WASHINGTON, March 28 Two television stations in
Los Angeles that tested sharing radio frequencies found it
technically viable, they said on Friday in a report to federal
regulators who see the practice as one way to free up more
airwaves for wireless broadband.
Supported by the wireless industry group CTIA, public
broadcasting station KLCS and multilingual station KJLA tried
channel-sharing, in which they tested how many broadcasting
streams can be combined onto one radio-frequency channel,
possibly allowing the stations to give up some of the airwaves
they now occupy.
The experiment, approved last month by the Federal
Communications Commission, "clearly proved channel sharing is
feasible, and is a technically viable option for broadcasters
with minimal impact for viewers," the CTIA and the stations said
in the report.
Channel sharing has been supported by the FCC as a potential
way to clear up more airwaves, or spectrum, for a spectrum
auction currently scheduled for 2015.
In the auction, TV stations would voluntarily give up
control of low-frequency airwaves they now occupy so that the
frequencies could be sold to wireless providers such as AT&T Inc
or T-Mobile US. The wireless companies are keen
to boost the strength and reach of their networks as consumers
increasingly rely on wireless phones for data-heavy uses like
The auction proceeds would reimburse the broadcasters and
help fund a new U.S. public safety network.
The National Association of Broadcasters, or NAB, has voiced
concern about various aspects of the auction, including the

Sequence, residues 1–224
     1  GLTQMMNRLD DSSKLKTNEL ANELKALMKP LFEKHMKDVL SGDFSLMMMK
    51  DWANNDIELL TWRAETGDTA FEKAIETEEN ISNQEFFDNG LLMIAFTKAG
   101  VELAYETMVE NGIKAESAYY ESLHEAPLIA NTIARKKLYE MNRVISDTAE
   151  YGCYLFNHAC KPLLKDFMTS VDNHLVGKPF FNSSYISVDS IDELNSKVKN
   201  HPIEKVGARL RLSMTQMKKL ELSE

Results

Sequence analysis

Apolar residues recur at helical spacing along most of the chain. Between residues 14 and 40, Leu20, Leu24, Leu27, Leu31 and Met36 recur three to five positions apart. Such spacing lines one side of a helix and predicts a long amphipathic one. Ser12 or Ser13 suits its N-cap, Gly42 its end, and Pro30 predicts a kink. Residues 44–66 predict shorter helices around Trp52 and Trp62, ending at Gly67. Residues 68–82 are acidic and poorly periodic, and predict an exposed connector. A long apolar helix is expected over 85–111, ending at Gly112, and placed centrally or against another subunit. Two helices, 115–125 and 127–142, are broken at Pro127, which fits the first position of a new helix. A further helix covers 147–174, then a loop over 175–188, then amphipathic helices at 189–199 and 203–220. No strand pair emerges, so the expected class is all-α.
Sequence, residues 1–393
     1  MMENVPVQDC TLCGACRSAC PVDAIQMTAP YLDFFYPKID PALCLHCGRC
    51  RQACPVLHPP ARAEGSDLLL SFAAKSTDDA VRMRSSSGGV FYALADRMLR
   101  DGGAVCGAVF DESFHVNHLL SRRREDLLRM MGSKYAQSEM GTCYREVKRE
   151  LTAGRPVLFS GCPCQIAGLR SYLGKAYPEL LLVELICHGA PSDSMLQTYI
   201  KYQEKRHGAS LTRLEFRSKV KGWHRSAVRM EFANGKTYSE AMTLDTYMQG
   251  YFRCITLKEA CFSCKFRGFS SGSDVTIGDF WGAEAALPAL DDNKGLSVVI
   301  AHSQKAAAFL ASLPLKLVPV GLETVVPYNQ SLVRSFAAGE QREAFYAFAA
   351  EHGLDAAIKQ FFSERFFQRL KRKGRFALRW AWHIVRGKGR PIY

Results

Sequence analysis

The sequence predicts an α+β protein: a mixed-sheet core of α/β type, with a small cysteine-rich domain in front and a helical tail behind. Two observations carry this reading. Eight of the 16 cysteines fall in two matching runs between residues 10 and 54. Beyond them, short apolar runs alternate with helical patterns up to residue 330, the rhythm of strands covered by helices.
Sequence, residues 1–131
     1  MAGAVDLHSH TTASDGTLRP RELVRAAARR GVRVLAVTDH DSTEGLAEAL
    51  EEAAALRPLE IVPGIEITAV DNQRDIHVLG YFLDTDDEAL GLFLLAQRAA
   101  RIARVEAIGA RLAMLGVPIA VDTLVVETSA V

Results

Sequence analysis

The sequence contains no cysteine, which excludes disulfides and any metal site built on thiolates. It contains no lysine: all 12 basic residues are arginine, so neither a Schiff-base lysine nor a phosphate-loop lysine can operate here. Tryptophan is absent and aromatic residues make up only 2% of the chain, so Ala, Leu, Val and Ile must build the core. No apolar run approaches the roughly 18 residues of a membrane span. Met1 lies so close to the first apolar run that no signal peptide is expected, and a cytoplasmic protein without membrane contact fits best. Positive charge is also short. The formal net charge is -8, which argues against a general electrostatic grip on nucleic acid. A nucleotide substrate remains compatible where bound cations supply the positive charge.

uncertain impact of the rearrangement of frequencies after they
The FCC has promoted channel sharing as a way for TV
stations to sell their airwaves in the auction without leaving
the broadcasting business.
But NAB has argued that surrendering airwaves may hurt
broadcasters' potential to innovate.
"On a technical level, one of the main challenges to channel
sharing concerns the ability of the sharers to offer new and
innovative services as they are limiting their available
spectrum," NAB spokesman Dennis Wharton said when the
channel-sharing pilot was proposed in late January.
"On the business side, there are difficult contractual
provisions that would need to be addressed."
The experiment by KLCS and KJLA tested only technical
details of channel sharing, but not legal or practical issues
that may come up for stations that decide to share
radio-frequency channels, the report said.
The two stations, which have not committed to participating
in the FCC's spectrum auction, tested combining different
numbers of high-definition (HD) and standard-definition (SD)
program streams on to one six-megahertz radiofrequency channel.
They found it may be technically possible to combine up to
three HD streams; two HD streams with up to two SD streams; and
one HD stream with up to seven SD streams.
"Our collaboration with KLCS yielded extremely valuable and
interesting data about the promise of channel sharing, without
adverse effect on our over-the-air audience," said Francis
Wilkinson, KJLA vice president and general manager.
To read the report, click on bit.ly/1h0VciA
(Reporting by Alina Selyukh; Editing by Peter Cooney)